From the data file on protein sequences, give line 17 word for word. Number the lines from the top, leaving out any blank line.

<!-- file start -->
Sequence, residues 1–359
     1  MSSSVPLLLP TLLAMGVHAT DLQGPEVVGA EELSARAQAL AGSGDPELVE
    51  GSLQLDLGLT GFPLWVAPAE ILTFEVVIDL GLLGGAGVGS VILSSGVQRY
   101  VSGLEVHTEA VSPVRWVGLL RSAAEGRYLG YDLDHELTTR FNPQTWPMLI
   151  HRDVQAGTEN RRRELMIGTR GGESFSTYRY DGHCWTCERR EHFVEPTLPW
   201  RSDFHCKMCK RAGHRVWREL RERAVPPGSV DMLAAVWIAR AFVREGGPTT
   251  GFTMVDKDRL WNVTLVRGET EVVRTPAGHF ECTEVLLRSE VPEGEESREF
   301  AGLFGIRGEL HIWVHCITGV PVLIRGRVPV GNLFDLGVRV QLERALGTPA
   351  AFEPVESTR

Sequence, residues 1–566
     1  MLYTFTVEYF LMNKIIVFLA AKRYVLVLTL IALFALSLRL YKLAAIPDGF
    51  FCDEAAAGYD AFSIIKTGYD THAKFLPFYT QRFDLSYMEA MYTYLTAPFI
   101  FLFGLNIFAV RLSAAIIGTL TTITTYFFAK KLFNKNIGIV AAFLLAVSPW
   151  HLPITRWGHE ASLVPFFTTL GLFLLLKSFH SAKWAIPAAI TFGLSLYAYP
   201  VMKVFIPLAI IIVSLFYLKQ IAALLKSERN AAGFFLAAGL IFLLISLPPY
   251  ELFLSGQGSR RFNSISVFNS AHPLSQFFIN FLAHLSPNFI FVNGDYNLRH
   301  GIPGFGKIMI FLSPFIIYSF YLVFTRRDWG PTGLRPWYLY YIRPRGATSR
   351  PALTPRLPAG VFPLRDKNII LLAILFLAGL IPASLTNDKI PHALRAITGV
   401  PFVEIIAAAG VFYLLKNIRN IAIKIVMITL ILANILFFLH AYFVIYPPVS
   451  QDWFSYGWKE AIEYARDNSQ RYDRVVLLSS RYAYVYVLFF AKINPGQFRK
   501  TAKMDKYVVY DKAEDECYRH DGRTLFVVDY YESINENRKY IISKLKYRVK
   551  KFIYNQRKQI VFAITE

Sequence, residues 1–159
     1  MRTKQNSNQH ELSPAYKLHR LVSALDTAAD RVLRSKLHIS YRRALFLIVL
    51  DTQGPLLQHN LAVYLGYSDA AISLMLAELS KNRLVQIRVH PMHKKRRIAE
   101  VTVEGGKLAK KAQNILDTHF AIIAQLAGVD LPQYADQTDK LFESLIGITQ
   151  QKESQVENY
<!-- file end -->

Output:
   301  GIPGFGKIMI FLSPFIIYSF YLVFTRRDWG PTGLRPWYLY YIRPRGATSR